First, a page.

Help Wanted: Water Watchers in Ohio
COLUMBUS, Ohio - Water watchers are wanted in the Buckeye State. With the combined risks to water quality of mining and fracking, particularly in eastern Ohio, experts say the need for citizen scientists to regularly monitor waterways is now more important than ever.
Since last year, the Sierra Club Water Sentinel Program has trained and equipped more than three dozen volunteers to observe water quality in Carroll County alone. Lead water sentinel Paul Feezel, who chairs Carroll County Concerned Citizens, said it's critical work - especially considering that Carroll is the most "fracked" county in the state.
"What happens in the activities around us, whether it be gas and oil drilling, coal mining or even regular industrial activities, can have an impact on our waters," he warned.
States are required to regularly test their waterways under the Clean Water Act, but Ohio lacks the resources to monitor all of its nearly 200,000 miles of rivers and streams. The Water Sentinel Program provides volunteers with water monitoring kits, training and sample analysis. Statewide, there are more than 150 water sentinels.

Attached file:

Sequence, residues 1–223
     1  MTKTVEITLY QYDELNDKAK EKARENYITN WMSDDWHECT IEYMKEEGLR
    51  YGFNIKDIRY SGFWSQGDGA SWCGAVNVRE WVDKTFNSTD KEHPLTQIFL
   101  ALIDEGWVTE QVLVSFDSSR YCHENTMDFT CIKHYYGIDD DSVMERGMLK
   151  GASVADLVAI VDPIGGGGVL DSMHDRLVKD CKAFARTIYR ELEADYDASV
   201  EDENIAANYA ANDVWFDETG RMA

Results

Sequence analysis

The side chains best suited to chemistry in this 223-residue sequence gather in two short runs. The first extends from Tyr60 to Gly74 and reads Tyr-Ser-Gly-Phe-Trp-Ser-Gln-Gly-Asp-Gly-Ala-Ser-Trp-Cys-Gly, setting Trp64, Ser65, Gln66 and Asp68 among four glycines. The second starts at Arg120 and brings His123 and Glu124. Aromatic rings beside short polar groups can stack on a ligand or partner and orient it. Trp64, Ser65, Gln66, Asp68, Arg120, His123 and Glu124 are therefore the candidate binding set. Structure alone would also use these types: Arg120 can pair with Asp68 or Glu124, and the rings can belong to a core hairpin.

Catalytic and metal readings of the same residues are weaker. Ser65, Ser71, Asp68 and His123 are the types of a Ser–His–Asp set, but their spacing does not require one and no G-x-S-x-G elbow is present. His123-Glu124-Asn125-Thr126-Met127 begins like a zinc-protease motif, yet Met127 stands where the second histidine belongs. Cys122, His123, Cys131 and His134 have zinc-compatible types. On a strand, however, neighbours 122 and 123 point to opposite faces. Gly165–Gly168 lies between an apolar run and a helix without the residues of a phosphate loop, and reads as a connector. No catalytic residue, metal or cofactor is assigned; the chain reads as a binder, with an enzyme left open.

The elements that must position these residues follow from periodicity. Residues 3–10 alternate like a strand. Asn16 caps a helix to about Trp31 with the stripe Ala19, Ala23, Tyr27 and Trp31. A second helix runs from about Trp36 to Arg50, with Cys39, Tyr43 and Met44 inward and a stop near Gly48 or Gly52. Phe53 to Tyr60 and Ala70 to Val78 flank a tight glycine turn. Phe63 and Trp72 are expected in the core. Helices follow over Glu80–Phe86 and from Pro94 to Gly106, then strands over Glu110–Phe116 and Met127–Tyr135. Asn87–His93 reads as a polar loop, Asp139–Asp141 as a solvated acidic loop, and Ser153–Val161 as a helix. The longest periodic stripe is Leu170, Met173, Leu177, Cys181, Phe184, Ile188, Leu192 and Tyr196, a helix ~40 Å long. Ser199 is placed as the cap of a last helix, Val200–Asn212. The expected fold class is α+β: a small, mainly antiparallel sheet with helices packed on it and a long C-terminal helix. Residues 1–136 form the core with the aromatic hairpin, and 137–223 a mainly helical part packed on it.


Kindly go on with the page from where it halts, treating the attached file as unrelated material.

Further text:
The program is also working to defend area waters from a pending permit from Rosebud Mining. Water sentinel volunteer Sharon Proudfoot said the mine could potentially pollute streams, groundwater aquifers and private water wells in the county. Rosebud's application is full of errors, she said, and she urged the Ohio Department of Natural Resources (ODNR) to make them start over.
"There are so many mistakes and areas that have lack of information," she said, "and it is in a very dangerous area, with the aquifers being right there. If they should happen to damage the aquifers, that would basically destroy Carroll County's water."
Meanwhile, Feezel said, they are hoping to connect with water monitoring groups in other counties, so they can coordinate their research.
"We want to understand whether there are naturally occurring differences, whether there are trends that are occurring maybe by geographic area due to the particular driller that is working in the area, or whether there are some trends that we're seeing consistently across the entire region," Feezel explained.
Besides possible contamination from toxic chemicals used in hydraulic fracturing, threats to Ohio's waters include agricultural runoff, sewer overflow and thermal pollution.
This month, the Aveda Network for Good is raising money to support the Water Sentinel Program. More details are available at http://ohiosierraclub.org.